Everyone needs a Bolognese recipe that always tastes great and tempeh Bolognese is that and more. Savory, deep flavor with just a few simple ingredients and simmered, flavorful tempeh crumbles make this much more than just your average red sauce.
Preparing tempeh – my method
If you’ve cooked tempeh with me before, then I can safely tell you that nothing has changed in my approach to cooking tempeh. If you aren’t familiar, this is my tried and true approach and while this is an extra step and involves extra time for preparation, it is worth it.
What is tempeh – the quick version
Tempeh, is a wonderful alternative to tofu or other meat substitutes. It has a stronger flavor (a bit nutty) and firmer texture than tofu. It’s important to note that although tofu and tempeh are both soy based, and both are completely free of animal products, when it comes to preparing and cooking, they behave differently.
The substantive texture of tempeh comes from its main ingredient which is whole soybeans that are soaked, then cooked and slightly fermented and formed into blocks or cakes. Cooking gives it substance; fermenting gives it flavor.
Is tempeh organic?
The short answer to this question is maybe. Like anything, read the label. Ideally, you want tempeh that is made with non-GMO soybeans. You should also be aware that tempeh is not always made with just with soybeans. Sometimes tempeh is made with a combination of soybean and grains including brown rice, barley or millet. Even seeds can be used. And about that soybean part? Turns our that tempeh can be made with any kind of bean such as black beans, black-eyed peas and even chickpeas.
How to prepare tempeh crumbles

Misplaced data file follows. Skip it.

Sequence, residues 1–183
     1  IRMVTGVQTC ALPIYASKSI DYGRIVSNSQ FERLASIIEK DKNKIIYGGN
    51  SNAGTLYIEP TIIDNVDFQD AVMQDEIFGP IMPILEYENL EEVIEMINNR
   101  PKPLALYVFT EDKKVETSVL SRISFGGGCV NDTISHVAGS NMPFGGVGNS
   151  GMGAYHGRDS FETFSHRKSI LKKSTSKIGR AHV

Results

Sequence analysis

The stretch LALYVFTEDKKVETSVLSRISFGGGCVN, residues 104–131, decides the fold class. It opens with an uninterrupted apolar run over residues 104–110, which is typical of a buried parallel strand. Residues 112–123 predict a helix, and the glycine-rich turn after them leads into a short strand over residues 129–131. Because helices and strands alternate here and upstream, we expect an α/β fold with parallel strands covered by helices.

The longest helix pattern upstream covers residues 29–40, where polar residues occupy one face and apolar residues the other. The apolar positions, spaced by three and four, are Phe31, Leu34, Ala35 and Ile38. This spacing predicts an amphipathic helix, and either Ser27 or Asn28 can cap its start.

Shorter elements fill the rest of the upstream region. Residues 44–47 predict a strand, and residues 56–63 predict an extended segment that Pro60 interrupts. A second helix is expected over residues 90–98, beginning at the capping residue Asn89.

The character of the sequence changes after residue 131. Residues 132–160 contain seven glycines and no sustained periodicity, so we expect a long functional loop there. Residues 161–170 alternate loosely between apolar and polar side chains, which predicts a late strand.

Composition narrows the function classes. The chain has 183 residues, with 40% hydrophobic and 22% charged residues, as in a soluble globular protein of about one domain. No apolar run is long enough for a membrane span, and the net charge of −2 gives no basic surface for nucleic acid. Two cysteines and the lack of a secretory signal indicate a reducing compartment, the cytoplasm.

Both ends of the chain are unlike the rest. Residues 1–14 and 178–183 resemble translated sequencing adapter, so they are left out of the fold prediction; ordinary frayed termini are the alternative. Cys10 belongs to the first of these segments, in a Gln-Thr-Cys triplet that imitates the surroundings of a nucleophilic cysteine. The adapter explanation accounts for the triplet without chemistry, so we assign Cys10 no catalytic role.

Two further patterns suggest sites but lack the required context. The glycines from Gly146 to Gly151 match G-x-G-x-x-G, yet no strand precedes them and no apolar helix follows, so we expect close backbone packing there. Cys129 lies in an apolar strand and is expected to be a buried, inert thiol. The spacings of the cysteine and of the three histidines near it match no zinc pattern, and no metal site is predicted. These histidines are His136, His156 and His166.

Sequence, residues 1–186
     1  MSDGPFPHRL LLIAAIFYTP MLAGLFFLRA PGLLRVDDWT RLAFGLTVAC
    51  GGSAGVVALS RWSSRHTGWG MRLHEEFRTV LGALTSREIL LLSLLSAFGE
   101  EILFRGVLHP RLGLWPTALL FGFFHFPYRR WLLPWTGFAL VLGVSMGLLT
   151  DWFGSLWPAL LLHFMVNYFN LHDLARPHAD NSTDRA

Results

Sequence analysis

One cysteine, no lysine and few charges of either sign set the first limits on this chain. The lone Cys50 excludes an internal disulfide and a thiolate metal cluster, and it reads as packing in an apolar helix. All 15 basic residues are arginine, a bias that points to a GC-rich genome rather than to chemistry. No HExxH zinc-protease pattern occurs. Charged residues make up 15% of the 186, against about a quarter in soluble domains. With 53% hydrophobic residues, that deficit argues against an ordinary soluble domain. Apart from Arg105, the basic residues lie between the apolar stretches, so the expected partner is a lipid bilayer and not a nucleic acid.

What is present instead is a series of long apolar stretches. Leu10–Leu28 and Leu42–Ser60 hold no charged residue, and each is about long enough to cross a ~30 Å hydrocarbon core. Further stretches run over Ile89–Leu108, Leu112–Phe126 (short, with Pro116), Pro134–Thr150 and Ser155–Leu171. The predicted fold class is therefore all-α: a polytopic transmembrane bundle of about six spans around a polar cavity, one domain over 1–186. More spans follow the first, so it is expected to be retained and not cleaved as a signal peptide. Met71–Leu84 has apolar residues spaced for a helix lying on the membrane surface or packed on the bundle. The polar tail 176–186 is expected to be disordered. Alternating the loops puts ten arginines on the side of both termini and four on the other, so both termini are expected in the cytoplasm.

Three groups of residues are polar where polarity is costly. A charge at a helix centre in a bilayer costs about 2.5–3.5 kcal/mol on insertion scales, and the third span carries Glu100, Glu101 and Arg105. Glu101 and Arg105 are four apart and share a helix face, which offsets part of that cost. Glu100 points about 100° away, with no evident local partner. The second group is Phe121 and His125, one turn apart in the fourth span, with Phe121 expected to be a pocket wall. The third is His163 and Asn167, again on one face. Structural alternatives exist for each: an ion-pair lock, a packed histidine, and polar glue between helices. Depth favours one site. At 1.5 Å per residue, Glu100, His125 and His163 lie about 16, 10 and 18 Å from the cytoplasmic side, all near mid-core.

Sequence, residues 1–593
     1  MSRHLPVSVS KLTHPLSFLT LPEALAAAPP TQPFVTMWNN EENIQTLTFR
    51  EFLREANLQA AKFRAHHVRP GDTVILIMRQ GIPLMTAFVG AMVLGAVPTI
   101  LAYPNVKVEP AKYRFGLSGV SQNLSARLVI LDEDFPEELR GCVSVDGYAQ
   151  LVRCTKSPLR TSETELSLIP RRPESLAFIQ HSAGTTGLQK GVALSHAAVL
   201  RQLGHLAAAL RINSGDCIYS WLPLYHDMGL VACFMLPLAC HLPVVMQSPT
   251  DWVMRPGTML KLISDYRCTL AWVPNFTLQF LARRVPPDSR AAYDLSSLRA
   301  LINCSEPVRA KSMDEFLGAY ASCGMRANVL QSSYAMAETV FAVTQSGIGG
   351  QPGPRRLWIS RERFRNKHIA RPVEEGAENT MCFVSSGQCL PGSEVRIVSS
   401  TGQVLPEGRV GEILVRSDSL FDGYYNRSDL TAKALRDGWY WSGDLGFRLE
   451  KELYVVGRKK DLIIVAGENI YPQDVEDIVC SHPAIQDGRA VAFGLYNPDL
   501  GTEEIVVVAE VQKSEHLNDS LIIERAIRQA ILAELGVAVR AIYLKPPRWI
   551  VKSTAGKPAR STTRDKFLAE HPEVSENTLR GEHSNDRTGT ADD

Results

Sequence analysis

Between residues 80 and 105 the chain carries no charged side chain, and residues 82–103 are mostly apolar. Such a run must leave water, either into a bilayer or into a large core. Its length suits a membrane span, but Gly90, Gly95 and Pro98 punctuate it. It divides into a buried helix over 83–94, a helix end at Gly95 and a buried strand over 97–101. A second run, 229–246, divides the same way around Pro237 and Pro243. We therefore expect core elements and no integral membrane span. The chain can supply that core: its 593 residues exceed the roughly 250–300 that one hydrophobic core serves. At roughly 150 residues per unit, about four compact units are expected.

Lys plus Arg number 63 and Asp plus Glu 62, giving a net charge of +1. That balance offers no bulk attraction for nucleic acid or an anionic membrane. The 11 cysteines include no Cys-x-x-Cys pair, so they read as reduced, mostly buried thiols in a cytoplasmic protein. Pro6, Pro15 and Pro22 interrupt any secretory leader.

When I first tried tempeh, I was less than impressed. I found it to have a strong and bitter taste with an impenetrable texture, resistant to marinades. Refusing to admit defeat, I took tempeh head on and I discovered that simmer tempeh in a simple, flavorful liquid does wonders. First, simmering tempeh for at least 30 minutes softens it so that sauces, seasonings or marinades will hold onto to. Also, the process of simmering, draining and pressing tofu to get the moisture out will release the bitter taste. All this means that your tempeh will be tastier and softer. I hesitate to say more ‘meat like’ because that isn’t always the point. Let’s say the texture will be less chewy and the taste not so bitter.
Tempeh Bolognese – a simple, slow simmer
One thing I love about this recipe is how amazingly simple it is. Once you have your tempeh crumbles ready, the initial cooking process is super-fast. I add ½ cup shredded carrot to the onions, garlic and tomatoes which are the base. Carrots are naturally sweet and give your tempeh Bolognese even more depth. Don’t worry, your carrot-haters won’t know unless you tell them that there are a few carrots hiding amongst the pasta.
Tinned (canned) tomatoes
When I make red sauces, I always try to look for the best canned tomatoes I can find (and afford). I know about all the hype around San Marzano tomatoes and I’ll leave that decision to you.
Quality does matter though and for tomato-based sauces as well as thing like one-pot zucchini chili, I am particularly fond of cherry tomatoes. Cherry tomatoes have a sweeter flavor and you just need to add them to the pan, carefully mush them a bit with a wooden spoon and let them simmer. Look for canned cherry tomatoes that are only tomatoes and preferable, no added salt. Between the carrots and good tomatoes, we’ll just add 1 tablespoon of Balsamic vinegar and that will sweeten up your sauce and bring out the tomato-rosemary flavor which is the tradition for at least my Bolognese sauce.
Simple ingredients, complex flavor
It’s amazing how a few simple ingredients and just one spice, fresh rosemary creates the rich, complex flavor that, after simmering evolves into a rich, tempting tempeh Bolognese. I am a big fan of using fresh rosemary in this recipe, but because I only use 1 teaspoon, I can understand if you decide to use dried. If you take that option, cut the amount to ½ because dried spices are usually more potent than dried.
Add tempeh and simmer
The final step in our sauce process, is simply adding the tempeh. Because you start by crumbling and simmering the tempeh, you’ll start that process in advance – even the day before. I usually get it simmering and then prep the rest of the sauce ingredients and start making the sauce while the tempeh drains and dries a bit. The first time I made tempeh Bolognese, I decided to add the tempeh right at the end, but it ended up tasting more like a filler than a part of the rich sauce. For this reason, I advise that you add your prepared tempeh and simmer it along with the rest of the sauce.